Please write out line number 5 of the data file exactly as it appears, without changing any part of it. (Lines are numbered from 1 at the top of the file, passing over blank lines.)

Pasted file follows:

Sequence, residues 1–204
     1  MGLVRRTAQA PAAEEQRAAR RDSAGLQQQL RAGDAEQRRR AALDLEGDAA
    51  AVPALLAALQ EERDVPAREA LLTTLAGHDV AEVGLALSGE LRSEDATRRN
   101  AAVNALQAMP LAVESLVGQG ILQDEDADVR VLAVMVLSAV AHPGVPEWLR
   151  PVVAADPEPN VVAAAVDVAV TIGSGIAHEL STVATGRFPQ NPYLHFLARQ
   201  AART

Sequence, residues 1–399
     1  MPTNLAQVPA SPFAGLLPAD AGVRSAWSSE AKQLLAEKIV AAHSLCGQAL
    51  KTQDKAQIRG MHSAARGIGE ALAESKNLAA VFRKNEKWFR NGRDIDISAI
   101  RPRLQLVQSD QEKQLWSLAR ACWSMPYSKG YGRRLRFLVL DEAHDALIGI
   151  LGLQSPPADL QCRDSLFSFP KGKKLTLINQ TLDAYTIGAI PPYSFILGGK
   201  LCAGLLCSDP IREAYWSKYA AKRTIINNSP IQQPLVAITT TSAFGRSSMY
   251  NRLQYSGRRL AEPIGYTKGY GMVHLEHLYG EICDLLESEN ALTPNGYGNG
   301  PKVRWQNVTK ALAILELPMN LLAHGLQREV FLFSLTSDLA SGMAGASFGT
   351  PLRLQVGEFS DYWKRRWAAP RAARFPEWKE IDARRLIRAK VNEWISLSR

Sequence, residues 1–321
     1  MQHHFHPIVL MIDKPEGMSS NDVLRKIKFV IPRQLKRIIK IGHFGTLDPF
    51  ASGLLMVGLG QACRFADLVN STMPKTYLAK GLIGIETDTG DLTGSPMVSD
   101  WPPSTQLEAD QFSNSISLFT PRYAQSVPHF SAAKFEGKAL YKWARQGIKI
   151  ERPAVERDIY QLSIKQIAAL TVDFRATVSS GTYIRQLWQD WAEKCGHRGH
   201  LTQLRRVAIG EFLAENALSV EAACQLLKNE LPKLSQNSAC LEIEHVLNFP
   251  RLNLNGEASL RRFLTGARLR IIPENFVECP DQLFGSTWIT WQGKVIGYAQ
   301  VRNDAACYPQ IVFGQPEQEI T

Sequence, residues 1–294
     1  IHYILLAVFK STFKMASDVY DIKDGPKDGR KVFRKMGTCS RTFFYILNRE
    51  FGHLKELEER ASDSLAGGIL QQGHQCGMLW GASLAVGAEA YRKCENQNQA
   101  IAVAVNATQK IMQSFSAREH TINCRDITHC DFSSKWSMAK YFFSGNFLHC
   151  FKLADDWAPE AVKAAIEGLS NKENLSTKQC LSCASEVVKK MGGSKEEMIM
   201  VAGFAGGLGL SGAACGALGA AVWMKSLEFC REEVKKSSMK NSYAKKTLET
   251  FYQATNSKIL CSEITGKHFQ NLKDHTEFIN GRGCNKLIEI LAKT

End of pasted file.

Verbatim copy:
   151  PVVAADPEPN VVAAAVDVAV TIGSGIAHEL STVATGRFPQ NPYLHFLARQ